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LucasFilm Games classics translations

A conversation to talk about the translations of the games from LucasFilm Games/LucasArts.


There is a very good and recent Italian fan translation, that you can install over the GOG release of the FM-Towns version. You can find it here:

I played it and it’s good. Compared to the older one (please ask @ZakPhoenixMcKracken for that one) the errors in translation are corrected.

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I always found the dialect they gave The King in the german version to be odd. Of course they use the typical Elvis southern inflections in the original, but what the heck was the german version all about?

Except that I always found it funny that the dumb caponian says “Jau” all the time, which is a rather rare version to say yes.

I´m glad none of the last names where changed which is actually quite untypical for the time.

That is all I can think of at the moment.

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I wonder in which languages was the game originally translated, soon after it was shipped in the US.
Anyway it is pretty clear that translations back then were handled by external people, like in Europe, then there was not a direction of the translation process by the original developers, like in Thimbleweed Park, for example.

At first none I guess. And it was a rarity even for germany to have full translations for games.

“Mit deutschen Bildschirmtexten!” was a big marketing sentence on german boxes especially for role playing games way into the 90s.

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Haha, it means that the game itself “on the screen” was translated too, not only the manual?

Yes, screen texts in german. The packaging was translated first and it was a huge thing when the on screen text was translated, too.

The first Zelda game to have german text on screen was A Link To The Past in 1992. The first two games for the NES never had german text, only english.

That’s quite similar to what happened in Italy. Among all the games I played on the Amiga500, the only ones I can remember with an Italian translation were the adventure games! Indiana Jones and the Last Crusade and The Secret of Monkey Island. I can’t remember if Lure of the Temptress was translated too.

Well it makes sense because that makes a game more unplayable to someone who doesn´t speak the language than most games that just inuitivly throw you into the action.

Jumping over the barrels that Donkey Kong throws at Jumpman works in every language. :slight_smile:

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Maybe I should turn the title of this thread into “LucasFilm Games/LucasArts classics translations”, since it seems quite natural to talk about them all…

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No. :slight_smile: It’s very common in some parts of Germany … :wink:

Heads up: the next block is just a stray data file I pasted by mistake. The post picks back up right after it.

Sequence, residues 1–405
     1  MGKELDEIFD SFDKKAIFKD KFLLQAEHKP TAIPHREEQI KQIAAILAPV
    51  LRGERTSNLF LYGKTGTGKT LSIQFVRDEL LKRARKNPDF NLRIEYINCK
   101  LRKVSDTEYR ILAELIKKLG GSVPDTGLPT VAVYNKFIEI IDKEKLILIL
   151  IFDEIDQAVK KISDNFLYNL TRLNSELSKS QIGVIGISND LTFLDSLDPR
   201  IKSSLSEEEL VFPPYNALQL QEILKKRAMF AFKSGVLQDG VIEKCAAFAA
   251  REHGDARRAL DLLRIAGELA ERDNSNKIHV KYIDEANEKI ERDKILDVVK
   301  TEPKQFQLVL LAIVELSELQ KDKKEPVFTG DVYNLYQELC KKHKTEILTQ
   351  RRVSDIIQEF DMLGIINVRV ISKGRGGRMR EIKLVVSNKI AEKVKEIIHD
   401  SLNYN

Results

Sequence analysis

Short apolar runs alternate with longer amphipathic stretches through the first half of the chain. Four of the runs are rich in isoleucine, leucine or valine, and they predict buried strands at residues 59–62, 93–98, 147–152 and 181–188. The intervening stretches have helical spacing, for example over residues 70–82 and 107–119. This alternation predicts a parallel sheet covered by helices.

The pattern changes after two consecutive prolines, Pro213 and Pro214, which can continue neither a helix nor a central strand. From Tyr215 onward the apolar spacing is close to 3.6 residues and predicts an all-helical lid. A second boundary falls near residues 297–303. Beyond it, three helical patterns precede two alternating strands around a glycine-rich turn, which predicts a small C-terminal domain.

Depending on dialect and also a bit on current trends I suppose.

Jau!

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The German translator (Boris Schneider-Johne) talked about the translations of the old games in this TWP podcast:

https://blog.thimbleweedpark.com/podcast64

(I hope it’s the right one. :wink: )

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@Sushi In your various translations, did you do Sam & Max? Specifically “Pleasantly understated credit sequence”?

I was thinking something like “Aangenaam ingehouden aftiteling”.

No, not yet - plus the utter Americaness of Sam&Max may prove to be very hard to translate.
After MI2, I’ll move back to Indy3 and go chronologically from there.

Anyway, I’d rather go for “Verrassend sobere aftiteling” - not sure what the context was (probably Max commenting on it)

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Or if there is a reply from Max:

Sam: “Dat was een sobere aftiteling. Verrassend genoeg.”

Max: “Oooh, mag ik hem verassen, Sam? Mag het?”

[translation:
Max: “That was a surprisingly understated undercooked credit sequence”
Sam: “Oooh, can I incinerate it, Sam? Can I?”
]

For the non-Dutch speakers: there is only one letter difference between a surprise and an incineration.

Which people get wrong all of the time:
https://www.mijnwoordenboek.no/vertaal/NL/EN/verassen
Never look at a crowd sourced dictionary for the correct spelling… only for a good laugh.

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According to @Guga:

Pleasantly understated credit sequence (NOTE: this is a quote from Sam in Sam&Max Hit The Road, the very first sentence after the title sequence)

After the “Friends?” cutscene and the credits sequence, Sam and Max enter their office and Sam comments “what a pleasantly understated credit sequence”.

In Italian, it has been translated as “what an impressive display of important names” :smiley:

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Anyhow, @Sushi’s suggestion seems best. I’ll adjust it.

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